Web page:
Research Findings: The Ill Effects of Data Pollution Are Skyrocketing in Marketing Organizations

Research Findings: The Ill Effects of Data Pollution Are Skyrocketing in Marketing Organizations

Over the past decade, marketers have embraced the concept of “Big Data.” Unfortunately, they’ve found that bigger is not always better—not if size comes without the requisite level of control, that is. As a result of the recent uninhibited data land grab, today’s marketers are being forced to confront an inconvenient truth of their own: data pollution.

According to a recent Forrester Consulting study, commissioned by Infogroup, “Marketers Need To Confront The Inconvenient Truth Of Data Pollution,” the vast majority of Marketing organizations—96 percent, in fact—have had campaigns negatively affected by data pollution. This is a trend that our industry needs to reverse—and fast. Let’s take a look at the state of data and analytics today, as well as how marketers can get back on the path to unlocking the benefits that effective Marketing data can offer.

More Data

In recent years, marketers have realized that better use of data is the key to meeting consumers’ and B2B buyers’ growing demands for personalized experiences. As a result, data and analytics budgets have never been higher. According to our survey respondents, data and analytics programs accounted for about 9 percent of overall Marketing budgets two years ago. Today, that average has risen to 16 percent and is expected to continue its upward trajectory. By 2021, marketers expect to be spending an average of 22 percent of their Marketing budgets on data and analytics. For an average 500+ employee enterprise, this equates to a $5 million increase in the data and analytics budget in just four years.

Of course, increased investment in data has been accompanied by a dramatic increase in the overall volume of Marketing data that is flowing into the organization. In fact, more than 96 percent of respondents said they’ve seen an increase in data stored across the organization, with more than 70 percent reporting the increase as being significant.

Of course, we’re not just talking about an increase in overall data volume. Marketers are also increasing the diversity of sources from which they draw their insights. On average, marketers today are using six different types of data in their Marketing efforts, from behavioral and intent data to transactional and traditional media data.

More Problems

As a result of the messy influx of data into companies, data pollution now plagues virtually all Marketing organizations. Despite their higher investments in data and analytics, the overwhelming amount of data available has actually led to a decrease in data quality. Marketing teams today are challenged throughout the data process, which can be broken down as follows:

  • Collecting the right data types
  • Compiling and organizing collected data
  • Analyzing data and finding meaningful insights
  • Turning data insights into effective activation

According to our survey, 88 percent of marketers find multiple stages of the above process challenging, and more than two-thirds (67 percent) indicate challenges in all four stages. These challenges are manifesting in real-world consequences, with 90 percent of marketers indicating that their Marketing campaigns have been negatively affected by low-quality or inaccurate data in the past two years. The effects are felt as both financial and relationship losses, including:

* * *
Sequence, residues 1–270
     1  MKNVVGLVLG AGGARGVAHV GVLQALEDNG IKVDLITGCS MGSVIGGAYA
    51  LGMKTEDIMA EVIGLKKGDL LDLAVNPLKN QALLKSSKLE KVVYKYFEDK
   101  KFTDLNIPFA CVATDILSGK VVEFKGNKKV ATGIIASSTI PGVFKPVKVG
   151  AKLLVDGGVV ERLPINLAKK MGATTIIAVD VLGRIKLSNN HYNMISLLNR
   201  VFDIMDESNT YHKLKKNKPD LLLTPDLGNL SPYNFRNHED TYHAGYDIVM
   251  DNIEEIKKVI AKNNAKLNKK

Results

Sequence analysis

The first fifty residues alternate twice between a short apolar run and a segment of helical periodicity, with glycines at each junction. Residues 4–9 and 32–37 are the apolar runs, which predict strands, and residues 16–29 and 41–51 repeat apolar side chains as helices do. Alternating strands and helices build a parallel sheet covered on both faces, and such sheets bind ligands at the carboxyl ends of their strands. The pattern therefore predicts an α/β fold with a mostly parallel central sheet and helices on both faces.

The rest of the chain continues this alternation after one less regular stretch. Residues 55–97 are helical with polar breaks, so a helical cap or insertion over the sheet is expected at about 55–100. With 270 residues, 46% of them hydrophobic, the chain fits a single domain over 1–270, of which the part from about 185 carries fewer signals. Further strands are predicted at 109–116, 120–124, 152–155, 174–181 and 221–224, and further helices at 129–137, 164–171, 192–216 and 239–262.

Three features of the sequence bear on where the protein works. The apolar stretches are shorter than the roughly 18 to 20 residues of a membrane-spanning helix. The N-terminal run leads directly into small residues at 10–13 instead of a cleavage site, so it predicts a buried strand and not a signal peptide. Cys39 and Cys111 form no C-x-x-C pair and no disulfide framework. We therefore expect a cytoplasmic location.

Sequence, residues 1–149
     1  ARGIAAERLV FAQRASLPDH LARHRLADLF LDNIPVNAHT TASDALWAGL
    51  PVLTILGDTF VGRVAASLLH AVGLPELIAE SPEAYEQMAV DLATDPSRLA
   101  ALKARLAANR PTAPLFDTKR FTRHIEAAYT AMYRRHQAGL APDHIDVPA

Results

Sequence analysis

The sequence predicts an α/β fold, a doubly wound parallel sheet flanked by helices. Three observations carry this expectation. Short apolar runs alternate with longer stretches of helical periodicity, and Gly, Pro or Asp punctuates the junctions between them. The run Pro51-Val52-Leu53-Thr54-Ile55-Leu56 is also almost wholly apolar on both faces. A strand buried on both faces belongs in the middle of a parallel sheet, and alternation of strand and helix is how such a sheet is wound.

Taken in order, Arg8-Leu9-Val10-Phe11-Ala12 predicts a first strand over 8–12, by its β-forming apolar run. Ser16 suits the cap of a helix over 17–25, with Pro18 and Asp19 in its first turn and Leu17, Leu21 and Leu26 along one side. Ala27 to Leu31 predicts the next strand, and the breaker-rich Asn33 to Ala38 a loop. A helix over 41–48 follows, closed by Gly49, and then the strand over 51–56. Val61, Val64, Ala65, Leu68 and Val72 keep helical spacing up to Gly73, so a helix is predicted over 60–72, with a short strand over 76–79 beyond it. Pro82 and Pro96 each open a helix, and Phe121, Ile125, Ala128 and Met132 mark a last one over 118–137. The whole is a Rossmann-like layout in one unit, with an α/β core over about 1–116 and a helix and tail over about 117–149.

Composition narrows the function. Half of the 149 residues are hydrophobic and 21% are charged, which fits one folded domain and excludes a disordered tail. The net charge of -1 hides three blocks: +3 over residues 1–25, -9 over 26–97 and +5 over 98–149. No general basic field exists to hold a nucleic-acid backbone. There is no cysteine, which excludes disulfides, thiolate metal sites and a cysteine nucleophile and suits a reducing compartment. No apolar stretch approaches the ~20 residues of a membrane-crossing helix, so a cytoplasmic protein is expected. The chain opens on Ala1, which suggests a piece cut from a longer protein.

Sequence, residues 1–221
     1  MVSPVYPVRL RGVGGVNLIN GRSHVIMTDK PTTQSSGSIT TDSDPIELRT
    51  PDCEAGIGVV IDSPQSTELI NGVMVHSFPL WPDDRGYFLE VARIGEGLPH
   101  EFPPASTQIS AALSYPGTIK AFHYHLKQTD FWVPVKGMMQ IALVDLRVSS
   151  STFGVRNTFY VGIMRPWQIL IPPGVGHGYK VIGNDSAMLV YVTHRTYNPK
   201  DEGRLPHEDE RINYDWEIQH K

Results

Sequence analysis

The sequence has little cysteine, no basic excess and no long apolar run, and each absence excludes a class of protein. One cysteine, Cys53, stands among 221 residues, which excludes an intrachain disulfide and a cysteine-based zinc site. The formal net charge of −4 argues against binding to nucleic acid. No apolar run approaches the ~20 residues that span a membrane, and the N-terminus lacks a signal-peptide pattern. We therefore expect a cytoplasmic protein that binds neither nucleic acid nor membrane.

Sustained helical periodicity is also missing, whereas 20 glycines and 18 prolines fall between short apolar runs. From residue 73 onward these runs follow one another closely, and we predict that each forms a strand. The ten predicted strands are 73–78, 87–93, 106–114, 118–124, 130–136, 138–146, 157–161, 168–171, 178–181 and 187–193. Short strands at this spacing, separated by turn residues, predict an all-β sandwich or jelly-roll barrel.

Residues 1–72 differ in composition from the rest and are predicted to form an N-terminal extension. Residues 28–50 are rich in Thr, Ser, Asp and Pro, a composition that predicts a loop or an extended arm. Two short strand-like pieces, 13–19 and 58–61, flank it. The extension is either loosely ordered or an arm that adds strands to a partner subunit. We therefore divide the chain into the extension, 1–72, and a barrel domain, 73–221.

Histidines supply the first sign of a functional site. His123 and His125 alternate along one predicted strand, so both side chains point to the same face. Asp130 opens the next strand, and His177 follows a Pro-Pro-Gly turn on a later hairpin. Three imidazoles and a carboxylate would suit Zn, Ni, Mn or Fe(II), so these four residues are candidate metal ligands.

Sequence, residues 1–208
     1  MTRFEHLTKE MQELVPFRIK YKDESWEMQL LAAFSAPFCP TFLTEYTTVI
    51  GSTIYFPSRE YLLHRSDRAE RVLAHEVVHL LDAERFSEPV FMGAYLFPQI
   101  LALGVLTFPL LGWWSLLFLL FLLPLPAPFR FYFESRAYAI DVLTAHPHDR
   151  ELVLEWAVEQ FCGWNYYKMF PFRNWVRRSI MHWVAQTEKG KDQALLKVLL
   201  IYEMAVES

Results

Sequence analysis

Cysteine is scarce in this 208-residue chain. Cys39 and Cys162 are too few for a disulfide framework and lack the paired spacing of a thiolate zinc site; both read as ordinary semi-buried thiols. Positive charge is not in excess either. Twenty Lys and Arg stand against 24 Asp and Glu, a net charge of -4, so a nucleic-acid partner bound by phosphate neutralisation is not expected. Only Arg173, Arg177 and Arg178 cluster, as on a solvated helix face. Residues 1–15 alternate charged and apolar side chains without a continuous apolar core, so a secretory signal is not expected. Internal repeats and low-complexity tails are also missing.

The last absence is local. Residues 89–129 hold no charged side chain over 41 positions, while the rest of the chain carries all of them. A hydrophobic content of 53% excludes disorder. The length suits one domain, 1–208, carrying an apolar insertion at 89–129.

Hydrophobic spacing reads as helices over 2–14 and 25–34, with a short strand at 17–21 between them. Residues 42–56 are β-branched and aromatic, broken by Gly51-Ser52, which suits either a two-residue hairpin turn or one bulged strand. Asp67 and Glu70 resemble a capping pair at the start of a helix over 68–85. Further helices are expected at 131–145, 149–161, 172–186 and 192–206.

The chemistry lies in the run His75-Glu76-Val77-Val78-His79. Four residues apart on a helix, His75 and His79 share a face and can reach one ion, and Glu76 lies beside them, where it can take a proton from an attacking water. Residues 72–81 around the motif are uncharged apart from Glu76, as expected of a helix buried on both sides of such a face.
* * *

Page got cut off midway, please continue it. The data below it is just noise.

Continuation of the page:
• Wasted money (70 percent)
  • Decreased revenue (52 percent)
  • Loss of customers (51 percent)
  • Decreased customer satisfaction (46 percent)
  • Low number of conversions (45 percent)
  • Loss of budget (44 percent)
  • Loss of confidence from executives and peers (41 percent)
  • Damaged brand reputation (38 percent)

Getting Data Programs Back on Track

The good news is that as much as poor data and management practices can hurt Marketing organizations, accurate data and well-managed programs can yield significant improvements in conversion rates and ROI. Of course, the elimination of data pollution from Marketing organizations doesn’t happen overnight. It requires a commitment by Marketing leadership in the following areas:

  • Data cleansing of both existing and incoming resources
  • Data education that improves marketers’ ability to distinguish between good and bad data
  • Breaking down siloes to ensure data systems are connected and freely able to communicate with one another

The impact of improving data quality and management within the Marketing organization can be tremendous. Our survey found that Marketing organizations see their ROI more than double when using accurate and actionable data, compared with campaigns that run without accurate and actionable data. For the average 500+ employee enterprise, this equates to an estimated average yearly increase of $104 million in Marketing-driven revenue. Marketers also reported a similar increase in conversion rates when using accurate and actionable data—double the conversion rate seen in campaigns run without effective data.

In other words, although the elimination of data pollution isn’t always easy, the reward is well worth the work. It’s time to start undoing the damage of the past decade of data mismanagement.

Read more: Three Reasons to Start Planning Your Christmas Marketing Campaign Now

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